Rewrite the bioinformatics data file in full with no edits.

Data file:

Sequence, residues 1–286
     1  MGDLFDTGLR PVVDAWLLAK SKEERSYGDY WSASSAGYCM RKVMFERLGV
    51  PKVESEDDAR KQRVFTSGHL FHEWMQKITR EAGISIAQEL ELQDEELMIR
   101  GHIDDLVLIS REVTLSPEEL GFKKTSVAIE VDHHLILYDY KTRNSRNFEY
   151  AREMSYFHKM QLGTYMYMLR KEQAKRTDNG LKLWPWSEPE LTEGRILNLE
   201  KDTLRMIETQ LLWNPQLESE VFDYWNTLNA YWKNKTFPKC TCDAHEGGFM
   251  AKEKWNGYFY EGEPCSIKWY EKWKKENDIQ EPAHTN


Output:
Sequence, residues 1–286
     1  MGDLFDTGLR PVVDAWLLAK SKEERSYGDY WSASSAGYCM RKVMFERLGV
    51  PKVESEDDAR KQRVFTSGHL FHEWMQKITR EAGISIAQEL ELQDEELMIR
   101  GHIDDLVLIS REVTLSPEEL GFKKTSVAIE VDHHLILYDY KTRNSRNFEY
   151  AREMSYFHKM QLGTYMYMLR KEQAKRTDNG LKLWPWSEPE LTEGRILNLE
   201  KDTLRMIETQ LLWNPQLESE VFDYWNTLNA YWKNKTFPKC TCDAHEGGFM
   251  AKEKWNGYFY EGEPCSIKWY EKWKKENDIQ EPAHTN